There was almost too much to choose from, but a bunch of lucky friends and family members have some cool Christmas presents coming now.
I’m sure most of you have gone shopping at Best Buy before. Perhaps, like me, you find their sales people pushy and bothersome. Take that feeling, and multiply it by twenty-two and you may have an idea of what’s it is like in the stores here. As we left lunch and went downstairs to go shopping, a dozen or more sales staff congregated at the bottom of the stairs like so many jackals. A personal salesperson was discreetly assigned to each person or couple as they came into the store. No matter what we tried, we were unable to shake our shadow. To be fair, she was very helpful and not too pushy. Even after we had made our purchase, she followed us around until we had left the store, explaining the different goods that we saw.
The Great Wall
Finally, it was time for the highlight of the entire trip. We were off to see the Great Wall, the big draw that made the trip a must do for Denise and I. The bad news; it was very overcast. The good news; the snow was no longer falling and we were in China! So we couldn’t get the large, blue sky panoramic picture that we wanted. We were determined to make the best of it
In Beijing, they’ve done a lot of work to repair the wall. The first part of the wall was laid down sometime in the BCs. The large complex north of Beijing was fully utilized during the 14th century. And in 1989, a lot of work was done to fix up the area that we were in. It’s actually a 4000 meter loop. It allowed the defenders to guard the outer wall, and fall back to the inner wall if it was necessary. If the inner wall fell, it was a straight shot to Beijing for the barbarians.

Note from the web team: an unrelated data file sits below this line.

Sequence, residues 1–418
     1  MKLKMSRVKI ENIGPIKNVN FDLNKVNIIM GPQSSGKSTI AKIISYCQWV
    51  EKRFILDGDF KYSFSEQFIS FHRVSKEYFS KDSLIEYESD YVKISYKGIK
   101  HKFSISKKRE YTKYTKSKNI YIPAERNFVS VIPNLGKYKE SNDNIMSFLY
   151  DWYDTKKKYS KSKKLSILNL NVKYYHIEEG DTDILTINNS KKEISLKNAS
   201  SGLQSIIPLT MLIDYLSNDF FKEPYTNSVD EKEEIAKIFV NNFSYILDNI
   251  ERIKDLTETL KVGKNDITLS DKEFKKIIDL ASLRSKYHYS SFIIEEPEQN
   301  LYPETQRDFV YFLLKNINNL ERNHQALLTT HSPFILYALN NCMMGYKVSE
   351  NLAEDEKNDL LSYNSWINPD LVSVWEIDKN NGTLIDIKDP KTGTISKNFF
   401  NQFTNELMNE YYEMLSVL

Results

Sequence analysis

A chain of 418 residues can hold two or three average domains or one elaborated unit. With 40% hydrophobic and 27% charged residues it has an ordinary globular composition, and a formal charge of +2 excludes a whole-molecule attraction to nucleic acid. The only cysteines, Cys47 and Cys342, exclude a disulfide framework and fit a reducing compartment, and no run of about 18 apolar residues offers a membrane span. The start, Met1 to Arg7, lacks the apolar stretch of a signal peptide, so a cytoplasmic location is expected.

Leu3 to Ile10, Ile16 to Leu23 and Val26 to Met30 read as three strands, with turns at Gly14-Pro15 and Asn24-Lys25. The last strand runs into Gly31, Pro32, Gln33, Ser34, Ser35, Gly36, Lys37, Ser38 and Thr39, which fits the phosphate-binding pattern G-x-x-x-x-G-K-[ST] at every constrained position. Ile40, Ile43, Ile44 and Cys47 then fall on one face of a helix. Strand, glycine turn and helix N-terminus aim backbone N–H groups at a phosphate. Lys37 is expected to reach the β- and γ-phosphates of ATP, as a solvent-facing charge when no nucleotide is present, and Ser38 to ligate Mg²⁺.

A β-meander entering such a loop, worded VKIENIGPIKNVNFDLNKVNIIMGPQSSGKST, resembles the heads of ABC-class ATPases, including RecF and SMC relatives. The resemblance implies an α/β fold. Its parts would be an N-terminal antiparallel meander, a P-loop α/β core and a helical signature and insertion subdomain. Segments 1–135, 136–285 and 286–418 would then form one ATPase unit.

We had two choices when we go to the wall. Take the “easy” way to the East, or the “difficult” way to the West. We went West, of course. And it was difficult. Not only was it almost straight up, but the snow was packed on the stairs and it made it very slippery. Ginseng (our tour guide) told us that it was 1700 steps to the top of the hill.
Ming Tombs in the snow
Visiting any historical spot is interesting. Thinking of all of the lives and events that passed that place before you provides a stick with which to measure yourself against. We had never been to anything as old as the wall. It was an amazing experience, even with the clouds and lack of vistas
We didn’t make it up as far as we would have liked. The stairs were treacherous and our allotted time was short. We turned back thinking it would take longer than it did to get back to the bus. We made it back with time to spare, so it’s too bad we didn’t keep going to the top of the hill. However, there weren’t any pictures to be had up there. We were walking in the clouds by the time we did stop.
After dinner, we paid $30 each for a full body massage. It lasted one and a half hours. I even had my ears massaged. The back massage was intense and the foot massage was 45 minutes on its own. It was a steal and well worth it after a trip across the world and a plethora of stairs at the Great Wall.
What a cool day. Check out the pictures and let us know what you think. Oh, and if you have a specific question about something, let us know. Our heads are being packed with useful and useless information by Ginseng, so we might just have an answer for you.
Enjoy your Thursday! Ours was great.
Aaron and Denise